Using the most well respected biblical scholarship available and a range of historical and archaeological sources I have endeavoured to link the events to as specific a time period as possible. I wanted to include as much historical detail as possible also, for example, at the start of the “Judges” period is the Late Bronze age and chariots have four spokes in the wheels, half way through the three centuries the technology moves on and chariot wheels have six spokes and by the end of the book it is in the Iron Age. This level of detail is intended to immerse the reader in the story, contextualise the setting and use a range of styles, fashions and traditions to give a richness that text alone will lack.
Another element is the correct ethnicity of the heroes and their enemies, to help understand the spectrum of people found in the Bible. Including people from Mycenaean Greece, Egypt, Arabia, Crete, Anatolia, Babylon, Sardinia, Egypt, Africa and of course Israel.
The landscapes in the comic make a beautiful addition as they are drawn from photos of the exact areas where these significant historical events took place. Also, maps interspersed into the story help pinpoint the action geographically. The maps are very interesting because many of the events take place close to other significant places that come out in other parts of the Bible, for example Deborah and Barak's battle takes place in the same valley as Gideon's and they are both overlooked by Nazareth the town where Jesus grew up.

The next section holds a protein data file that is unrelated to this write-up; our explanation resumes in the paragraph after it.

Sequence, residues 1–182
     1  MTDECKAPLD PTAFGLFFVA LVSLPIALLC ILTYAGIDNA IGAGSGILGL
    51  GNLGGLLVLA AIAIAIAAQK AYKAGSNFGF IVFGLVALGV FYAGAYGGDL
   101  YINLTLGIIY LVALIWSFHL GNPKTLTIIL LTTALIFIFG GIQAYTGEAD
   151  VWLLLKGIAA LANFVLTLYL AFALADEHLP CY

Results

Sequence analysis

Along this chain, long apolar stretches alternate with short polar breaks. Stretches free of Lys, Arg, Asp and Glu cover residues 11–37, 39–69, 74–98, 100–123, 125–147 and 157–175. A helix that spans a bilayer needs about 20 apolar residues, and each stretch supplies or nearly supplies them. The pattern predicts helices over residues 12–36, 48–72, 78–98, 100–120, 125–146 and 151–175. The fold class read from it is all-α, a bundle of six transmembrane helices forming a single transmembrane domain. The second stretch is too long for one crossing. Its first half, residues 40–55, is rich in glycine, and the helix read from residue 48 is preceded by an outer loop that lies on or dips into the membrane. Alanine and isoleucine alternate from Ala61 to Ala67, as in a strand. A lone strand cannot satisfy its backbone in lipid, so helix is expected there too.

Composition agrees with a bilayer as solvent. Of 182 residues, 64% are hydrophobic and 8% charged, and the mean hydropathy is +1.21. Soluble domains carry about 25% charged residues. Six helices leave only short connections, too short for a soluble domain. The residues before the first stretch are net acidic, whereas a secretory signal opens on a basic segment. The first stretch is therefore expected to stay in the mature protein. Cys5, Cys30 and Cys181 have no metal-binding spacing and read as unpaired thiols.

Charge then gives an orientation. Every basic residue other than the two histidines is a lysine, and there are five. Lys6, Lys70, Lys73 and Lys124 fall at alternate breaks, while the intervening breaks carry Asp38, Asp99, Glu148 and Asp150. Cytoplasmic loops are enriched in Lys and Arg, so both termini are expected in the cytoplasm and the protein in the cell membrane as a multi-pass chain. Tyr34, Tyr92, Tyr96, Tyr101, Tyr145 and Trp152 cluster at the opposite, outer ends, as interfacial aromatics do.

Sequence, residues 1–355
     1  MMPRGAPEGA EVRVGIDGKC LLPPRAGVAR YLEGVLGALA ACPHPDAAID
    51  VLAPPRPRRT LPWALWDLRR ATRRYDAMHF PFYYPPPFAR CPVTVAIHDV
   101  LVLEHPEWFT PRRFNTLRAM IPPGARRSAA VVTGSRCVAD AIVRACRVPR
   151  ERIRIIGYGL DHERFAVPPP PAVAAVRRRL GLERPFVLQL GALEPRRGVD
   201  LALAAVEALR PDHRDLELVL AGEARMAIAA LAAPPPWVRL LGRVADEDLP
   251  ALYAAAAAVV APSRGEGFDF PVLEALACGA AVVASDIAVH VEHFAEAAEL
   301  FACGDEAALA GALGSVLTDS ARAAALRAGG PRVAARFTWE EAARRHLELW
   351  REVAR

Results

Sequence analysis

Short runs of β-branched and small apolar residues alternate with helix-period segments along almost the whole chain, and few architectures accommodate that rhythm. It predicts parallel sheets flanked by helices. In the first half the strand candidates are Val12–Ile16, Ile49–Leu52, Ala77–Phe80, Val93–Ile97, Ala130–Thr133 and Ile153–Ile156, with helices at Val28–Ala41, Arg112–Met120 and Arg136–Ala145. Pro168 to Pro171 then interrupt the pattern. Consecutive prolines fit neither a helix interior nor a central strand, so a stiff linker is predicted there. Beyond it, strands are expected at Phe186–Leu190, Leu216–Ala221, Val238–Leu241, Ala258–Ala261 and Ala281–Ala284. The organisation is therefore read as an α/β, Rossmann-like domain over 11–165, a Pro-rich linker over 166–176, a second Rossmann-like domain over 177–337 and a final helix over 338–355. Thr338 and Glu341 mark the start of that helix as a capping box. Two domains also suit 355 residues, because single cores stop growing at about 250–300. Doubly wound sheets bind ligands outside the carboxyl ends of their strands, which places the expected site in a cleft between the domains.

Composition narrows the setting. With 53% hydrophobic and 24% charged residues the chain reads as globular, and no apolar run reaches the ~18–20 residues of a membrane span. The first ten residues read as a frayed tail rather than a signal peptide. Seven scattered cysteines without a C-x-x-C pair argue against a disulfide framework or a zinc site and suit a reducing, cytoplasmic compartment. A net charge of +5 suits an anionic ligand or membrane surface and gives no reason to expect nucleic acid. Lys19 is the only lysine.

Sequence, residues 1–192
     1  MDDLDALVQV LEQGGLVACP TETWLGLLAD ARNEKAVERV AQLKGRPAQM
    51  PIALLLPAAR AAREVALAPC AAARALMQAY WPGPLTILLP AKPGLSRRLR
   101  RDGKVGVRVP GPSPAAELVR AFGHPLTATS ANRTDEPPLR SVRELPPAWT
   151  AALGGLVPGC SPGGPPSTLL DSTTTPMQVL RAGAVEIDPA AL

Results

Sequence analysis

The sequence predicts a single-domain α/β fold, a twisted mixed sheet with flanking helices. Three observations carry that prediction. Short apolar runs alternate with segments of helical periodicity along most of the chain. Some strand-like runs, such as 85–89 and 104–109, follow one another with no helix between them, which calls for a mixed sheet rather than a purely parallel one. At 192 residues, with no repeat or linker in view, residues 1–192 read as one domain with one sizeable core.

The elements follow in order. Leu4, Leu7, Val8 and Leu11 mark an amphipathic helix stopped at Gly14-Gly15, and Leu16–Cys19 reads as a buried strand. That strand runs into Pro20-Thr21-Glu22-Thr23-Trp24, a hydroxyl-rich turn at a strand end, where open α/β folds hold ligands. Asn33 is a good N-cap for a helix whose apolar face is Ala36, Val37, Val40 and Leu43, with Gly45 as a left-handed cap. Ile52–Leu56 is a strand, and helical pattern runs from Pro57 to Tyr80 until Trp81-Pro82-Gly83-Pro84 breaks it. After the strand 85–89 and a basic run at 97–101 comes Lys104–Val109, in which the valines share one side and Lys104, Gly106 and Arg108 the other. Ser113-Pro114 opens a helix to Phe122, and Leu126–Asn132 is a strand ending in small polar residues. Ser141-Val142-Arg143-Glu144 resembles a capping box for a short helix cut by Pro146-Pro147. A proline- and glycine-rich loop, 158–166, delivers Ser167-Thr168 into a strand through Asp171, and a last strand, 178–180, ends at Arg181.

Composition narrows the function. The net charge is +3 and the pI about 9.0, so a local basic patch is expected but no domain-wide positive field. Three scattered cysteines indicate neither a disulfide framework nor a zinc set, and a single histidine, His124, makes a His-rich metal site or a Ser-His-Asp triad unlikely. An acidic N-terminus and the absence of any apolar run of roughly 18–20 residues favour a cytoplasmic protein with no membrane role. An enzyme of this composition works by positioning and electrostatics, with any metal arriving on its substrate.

"...the historical research taking place for this project is nothing short of seminary-level biblical scholarship"
"I think it will set a new standard for accuracy and fidelity in illustrated presentations of the Bible."
"This comic gives a clear portrayal of the Samson story that enables readers to enter into the experience of Samson"
Rev Dr David Firth (Lecturer in Old Testament Higher Eduction and General Editor of the Tyndale Old Testament Commentary.)